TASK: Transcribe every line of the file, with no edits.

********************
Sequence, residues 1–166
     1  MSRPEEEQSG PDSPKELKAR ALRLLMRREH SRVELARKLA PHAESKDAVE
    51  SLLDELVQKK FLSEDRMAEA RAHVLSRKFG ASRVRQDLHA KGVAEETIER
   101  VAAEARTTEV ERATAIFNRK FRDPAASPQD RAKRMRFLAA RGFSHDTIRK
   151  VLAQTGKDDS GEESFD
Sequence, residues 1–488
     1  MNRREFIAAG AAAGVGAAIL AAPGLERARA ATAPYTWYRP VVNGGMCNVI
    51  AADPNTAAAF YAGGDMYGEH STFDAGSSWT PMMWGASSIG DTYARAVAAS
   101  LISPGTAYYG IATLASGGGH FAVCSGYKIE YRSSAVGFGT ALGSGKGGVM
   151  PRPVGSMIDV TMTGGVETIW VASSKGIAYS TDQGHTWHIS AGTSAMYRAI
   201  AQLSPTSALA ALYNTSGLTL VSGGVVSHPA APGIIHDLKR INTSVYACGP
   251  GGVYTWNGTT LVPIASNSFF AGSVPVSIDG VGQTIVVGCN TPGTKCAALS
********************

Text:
Sequence, residues 1–166
     1  MSRPEEEQSG PDSPKELKAR ALRLLMRREH SRVELARKLA PHAESKDAVE
    51  SLLDELVQKK FLSEDRMAEA RAHVLSRKFG ASRVRQDLHA KGVAEETIER
   101  VAAEARTTEV ERATAIFNRK FRDPAASPQD RAKRMRFLAA RGFSHDTIRK
   151  VLAQTGKDDS GEESFD
Sequence, residues 1–488
     1  MNRREFIAAG AAAGVGAAIL AAPGLERARA ATAPYTWYRP VVNGGMCNVI
    51  AADPNTAAAF YAGGDMYGEH STFDAGSSWT PMMWGASSIG DTYARAVAAS
   101  LISPGTAYYG IATLASGGGH FAVCSGYKIE YRSSAVGFGT ALGSGKGGVM
   151  PRPVGSMIDV TMTGGVETIW VASSKGIAYS TDQGHTWHIS AGTSAMYRAI
   201  AQLSPTSALA ALYNTSGLTL VSGGVVSHPA APGIIHDLKR INTSVYACGP
   251  GGVYTWNGTT LVPIASNSFF AGSVPVSIDG VGQTIVVGCN TPGTKCAALS